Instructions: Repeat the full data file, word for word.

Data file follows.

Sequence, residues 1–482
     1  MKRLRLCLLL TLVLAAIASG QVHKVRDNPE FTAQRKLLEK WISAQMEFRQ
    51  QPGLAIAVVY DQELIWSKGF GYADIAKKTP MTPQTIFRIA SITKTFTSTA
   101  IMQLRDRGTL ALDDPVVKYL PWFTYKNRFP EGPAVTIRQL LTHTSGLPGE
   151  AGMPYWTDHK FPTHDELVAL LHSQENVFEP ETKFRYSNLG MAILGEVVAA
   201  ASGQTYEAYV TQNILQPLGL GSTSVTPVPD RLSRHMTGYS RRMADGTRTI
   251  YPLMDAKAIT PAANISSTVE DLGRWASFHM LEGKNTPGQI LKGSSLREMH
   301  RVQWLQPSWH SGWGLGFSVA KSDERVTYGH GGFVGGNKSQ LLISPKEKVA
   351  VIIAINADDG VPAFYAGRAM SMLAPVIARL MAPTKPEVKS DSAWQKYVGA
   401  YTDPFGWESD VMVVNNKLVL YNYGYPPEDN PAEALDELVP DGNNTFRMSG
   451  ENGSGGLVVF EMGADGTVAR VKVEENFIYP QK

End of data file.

Sequence, residues 1–482
     1  MKRLRLCLLL TLVLAAIASG QVHKVRDNPE FTAQRKLLEK WISAQMEFRQ
    51  QPGLAIAVVY DQELIWSKGF GYADIAKKTP MTPQTIFRIA SITKTFTSTA
   101  IMQLRDRGTL ALDDPVVKYL PWFTYKNRFP EGPAVTIRQL LTHTSGLPGE
   151  AGMPYWTDHK FPTHDELVAL LHSQENVFEP ETKFRYSNLG MAILGEVVAA
   201  ASGQTYEAYV TQNILQPLGL GSTSVTPVPD RLSRHMTGYS RRMADGTRTI
   251  YPLMDAKAIT PAANISSTVE DLGRWASFHM LEGKNTPGQI LKGSSLREMH
   301  RVQWLQPSWH SGWGLGFSVA KSDERVTYGH GGFVGGNKSQ LLISPKEKVA
   351  VIIAINADDG VPAFYAGRAM SMLAPVIARL MAPTKPEVKS DSAWQKYVGA
   401  YTDPFGWESD VMVVNNKLVL YNYGYPPEDN PAEALDELVP DGNNTFRMSG
   451  ENGSGGLVVF EMGADGTVAR VKVEENFIYP QK